Houseplants I Haven’t Killed

By Kate Riley March 17, 2020

I took a walk around my neighborhood and downtown this morning, it was eerie seeing all the streets mostly empty. Many of the local stores have closed, and the bars and restaurants and gyms. Residents are staying indoors with the exception of walks around town for fresh air. I was at Kohl’s yesterday returning a sweater and the entire store was empty. I went to Target to pick up a few toiletries and people were hushed, moving quickly, and all standing far apart from each other. This situation has changed dramatically in the past few days.

I’m a social creature, so this lockdown will be challenging. It’s St. Patrick’s Day and I always go to the local Irish pub to celebrate, but not this year. I’m trying to stay positive. The sun is shining, the trees are in bloom, and we have food to survive two weeks, so for now, everything is fine. My heart is hurting for all the small businesses that will suffer in the upcoming weeks and months. I see this situation is an opportunity for us all to show more kindness, compassion, and generosity, right?

I was thinking, what do I write about in the coming weeks? Obviously, all things home related. Our homes are our sanctuaries, or at least they should be, so I’ll keep the content focused on that for the month of March. So I was looking around and thought hey, why not share the indoor plants that have survived and thrived under my care for at least a year. That’s a pretty good measure of success. Here are the houseplants that I haven’t killed. ;)


I’m a big believer in having a plant or two in every space. I find the more green leafy plants I add to a room, the more serene it feels. And we could all use more serenity now right? “Serenity Now!” I have had no luck with ferns. Every fern I buy dies. But these guys below are totally low maintenance, very forgiving, they even survive a few days without water, because I’m irregular with it and sometimes I’m just out of town.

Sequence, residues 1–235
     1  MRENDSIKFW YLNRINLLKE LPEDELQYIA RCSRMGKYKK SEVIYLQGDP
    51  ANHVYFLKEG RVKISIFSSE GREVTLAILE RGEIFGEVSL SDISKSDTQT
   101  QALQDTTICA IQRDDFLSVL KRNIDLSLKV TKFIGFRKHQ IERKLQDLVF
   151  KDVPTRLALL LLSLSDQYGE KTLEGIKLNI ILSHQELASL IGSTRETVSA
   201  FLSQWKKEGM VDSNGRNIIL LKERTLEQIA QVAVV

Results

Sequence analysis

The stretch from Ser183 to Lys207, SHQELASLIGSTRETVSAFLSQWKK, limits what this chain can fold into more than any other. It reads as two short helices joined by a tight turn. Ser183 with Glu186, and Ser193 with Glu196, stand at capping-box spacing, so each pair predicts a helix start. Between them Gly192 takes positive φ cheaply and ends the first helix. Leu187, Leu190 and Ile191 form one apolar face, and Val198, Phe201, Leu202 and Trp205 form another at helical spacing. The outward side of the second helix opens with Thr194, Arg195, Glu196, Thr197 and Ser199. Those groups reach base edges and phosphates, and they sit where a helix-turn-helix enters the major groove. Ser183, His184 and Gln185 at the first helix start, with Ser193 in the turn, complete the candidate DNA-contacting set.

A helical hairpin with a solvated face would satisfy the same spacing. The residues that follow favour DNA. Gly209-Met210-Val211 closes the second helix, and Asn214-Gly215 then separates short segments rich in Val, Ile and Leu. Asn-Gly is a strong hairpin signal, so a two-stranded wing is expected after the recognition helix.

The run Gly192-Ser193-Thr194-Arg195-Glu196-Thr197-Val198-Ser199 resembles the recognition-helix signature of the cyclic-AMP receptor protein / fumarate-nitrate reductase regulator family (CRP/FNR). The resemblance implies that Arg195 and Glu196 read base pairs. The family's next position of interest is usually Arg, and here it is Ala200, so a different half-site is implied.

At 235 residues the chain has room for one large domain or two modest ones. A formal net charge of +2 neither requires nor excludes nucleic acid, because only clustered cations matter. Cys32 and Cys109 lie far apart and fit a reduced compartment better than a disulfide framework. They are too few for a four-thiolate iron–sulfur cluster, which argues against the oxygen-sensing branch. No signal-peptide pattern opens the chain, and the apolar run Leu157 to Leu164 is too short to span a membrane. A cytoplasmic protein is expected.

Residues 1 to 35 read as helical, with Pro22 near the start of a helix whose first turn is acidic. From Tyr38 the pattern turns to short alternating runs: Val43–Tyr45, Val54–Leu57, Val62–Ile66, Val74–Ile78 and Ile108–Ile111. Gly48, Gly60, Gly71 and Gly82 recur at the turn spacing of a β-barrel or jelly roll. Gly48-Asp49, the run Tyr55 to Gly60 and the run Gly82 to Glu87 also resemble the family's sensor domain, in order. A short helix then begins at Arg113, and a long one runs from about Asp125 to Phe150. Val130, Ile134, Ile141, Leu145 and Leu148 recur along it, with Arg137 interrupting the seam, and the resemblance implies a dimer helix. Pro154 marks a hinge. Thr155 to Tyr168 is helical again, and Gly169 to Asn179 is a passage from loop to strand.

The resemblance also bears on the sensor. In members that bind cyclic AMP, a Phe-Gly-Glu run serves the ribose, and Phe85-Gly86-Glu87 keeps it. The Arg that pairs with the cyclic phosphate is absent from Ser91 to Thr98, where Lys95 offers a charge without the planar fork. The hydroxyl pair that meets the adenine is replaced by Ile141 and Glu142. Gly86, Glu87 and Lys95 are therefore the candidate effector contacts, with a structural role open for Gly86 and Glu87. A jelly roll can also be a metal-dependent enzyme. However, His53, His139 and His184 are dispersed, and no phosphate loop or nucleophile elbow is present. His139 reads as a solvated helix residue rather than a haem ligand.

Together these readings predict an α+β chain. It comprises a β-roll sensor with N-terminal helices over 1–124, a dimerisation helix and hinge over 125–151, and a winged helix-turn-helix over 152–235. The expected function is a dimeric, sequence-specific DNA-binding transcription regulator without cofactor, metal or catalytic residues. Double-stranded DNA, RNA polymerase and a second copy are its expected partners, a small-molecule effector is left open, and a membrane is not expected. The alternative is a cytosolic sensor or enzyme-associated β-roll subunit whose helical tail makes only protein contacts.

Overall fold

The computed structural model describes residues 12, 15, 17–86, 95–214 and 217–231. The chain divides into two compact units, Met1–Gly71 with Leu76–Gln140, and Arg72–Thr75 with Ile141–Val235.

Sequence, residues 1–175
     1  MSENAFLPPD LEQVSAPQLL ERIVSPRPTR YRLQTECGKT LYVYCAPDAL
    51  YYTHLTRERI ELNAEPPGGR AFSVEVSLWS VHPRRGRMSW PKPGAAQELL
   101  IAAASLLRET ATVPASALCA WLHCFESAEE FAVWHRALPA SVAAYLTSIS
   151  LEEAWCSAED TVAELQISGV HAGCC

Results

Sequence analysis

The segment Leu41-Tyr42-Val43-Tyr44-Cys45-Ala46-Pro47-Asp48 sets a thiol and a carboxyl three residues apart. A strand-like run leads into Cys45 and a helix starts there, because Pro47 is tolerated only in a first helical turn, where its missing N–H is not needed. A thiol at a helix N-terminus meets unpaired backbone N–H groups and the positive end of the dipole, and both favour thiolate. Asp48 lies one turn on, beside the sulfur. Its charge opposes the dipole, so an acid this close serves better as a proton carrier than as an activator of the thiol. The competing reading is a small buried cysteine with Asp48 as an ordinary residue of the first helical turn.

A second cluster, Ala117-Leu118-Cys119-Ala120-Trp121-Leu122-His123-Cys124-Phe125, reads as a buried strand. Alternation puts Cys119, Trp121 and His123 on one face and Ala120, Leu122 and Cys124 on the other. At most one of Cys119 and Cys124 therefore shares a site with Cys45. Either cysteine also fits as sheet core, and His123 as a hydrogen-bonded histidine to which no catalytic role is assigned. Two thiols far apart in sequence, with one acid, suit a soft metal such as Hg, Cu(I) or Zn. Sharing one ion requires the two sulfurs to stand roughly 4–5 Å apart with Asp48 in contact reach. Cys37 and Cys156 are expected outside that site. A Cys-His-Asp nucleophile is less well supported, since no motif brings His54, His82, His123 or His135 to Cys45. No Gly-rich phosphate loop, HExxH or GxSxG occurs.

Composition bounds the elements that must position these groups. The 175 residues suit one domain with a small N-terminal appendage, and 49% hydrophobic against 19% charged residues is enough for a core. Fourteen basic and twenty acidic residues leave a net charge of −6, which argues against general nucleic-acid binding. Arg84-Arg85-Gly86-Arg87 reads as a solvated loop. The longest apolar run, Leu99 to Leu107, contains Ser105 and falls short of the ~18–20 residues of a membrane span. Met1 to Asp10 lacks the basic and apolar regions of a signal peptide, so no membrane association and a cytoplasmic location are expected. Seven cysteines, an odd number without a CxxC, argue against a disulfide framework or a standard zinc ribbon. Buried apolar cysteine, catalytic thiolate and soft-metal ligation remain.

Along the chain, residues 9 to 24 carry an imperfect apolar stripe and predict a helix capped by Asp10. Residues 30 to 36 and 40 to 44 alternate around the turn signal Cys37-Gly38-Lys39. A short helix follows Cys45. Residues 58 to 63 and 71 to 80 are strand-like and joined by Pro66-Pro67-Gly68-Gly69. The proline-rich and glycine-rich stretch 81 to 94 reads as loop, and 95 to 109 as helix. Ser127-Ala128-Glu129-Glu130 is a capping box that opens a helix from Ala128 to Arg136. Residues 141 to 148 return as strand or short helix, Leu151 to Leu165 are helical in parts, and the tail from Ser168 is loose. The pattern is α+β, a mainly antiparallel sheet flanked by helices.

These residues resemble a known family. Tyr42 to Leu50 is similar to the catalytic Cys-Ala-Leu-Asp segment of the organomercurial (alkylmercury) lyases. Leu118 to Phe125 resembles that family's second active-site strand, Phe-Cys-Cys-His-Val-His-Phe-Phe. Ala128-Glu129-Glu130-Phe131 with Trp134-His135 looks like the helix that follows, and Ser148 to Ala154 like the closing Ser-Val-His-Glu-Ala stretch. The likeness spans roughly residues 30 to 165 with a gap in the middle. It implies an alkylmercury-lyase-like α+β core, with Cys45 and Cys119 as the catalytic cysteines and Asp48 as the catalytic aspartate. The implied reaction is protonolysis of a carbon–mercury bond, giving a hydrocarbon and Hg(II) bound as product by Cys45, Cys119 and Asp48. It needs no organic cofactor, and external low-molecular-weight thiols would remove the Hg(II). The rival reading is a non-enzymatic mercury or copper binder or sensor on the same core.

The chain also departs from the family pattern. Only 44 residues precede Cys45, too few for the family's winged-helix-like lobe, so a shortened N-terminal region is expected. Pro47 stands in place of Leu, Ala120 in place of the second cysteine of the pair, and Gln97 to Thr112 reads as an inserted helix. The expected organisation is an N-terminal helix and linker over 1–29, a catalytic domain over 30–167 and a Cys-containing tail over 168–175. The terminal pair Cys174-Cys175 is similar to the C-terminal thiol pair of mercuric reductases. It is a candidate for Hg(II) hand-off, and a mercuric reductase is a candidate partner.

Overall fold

Two large leaf plants I’ve had success with are Bird’s Eye Fern and Philodendron Selloum. I care for three Bird’s Nest Fern plants, they have beautiful curly long green leaves and is impossible to kill (in my opinion). Visitors always ask about them! I brought back a Philodendron Selloum from Las Vegas when we sold those properties, I’ve had it for at least four years. It has giant green leaves and thrives indoors in partial sun, and it doesn’t require a lot of water.

My sweet ZZ plant can live anywhere. I move it around all the time and it doesn’t care. It’s slow growing and low maintenance. So is my Dracaena Marginata, which does really well with low light.

‘Crasula Ovata’ Jade or Hobbit Jade has tubular finger like leaves and is also slow growing but worth the wait! I’ve had mine for about four years and it’s not even 2 feet tall yet. Jade does well in sunlight and with minimal water. (Another favorite jade plant I like is ripple jade.) No doubt you’ve noticed Snake Plant (also referred to as Mother In Law’s Tongue), it’s trending as an indoor plant for good reason, it’s tall spiky leaves fill vertical space nicely!


On the left is a mystery plant, I think it’s a Bird’s Nest Snake plant and I’ve had it for a few years, but I’m not 100% sure. Correct me if I’m wrong! On the right is a Dracaena White Bird with really pretty white stripes down the sides of each leaf.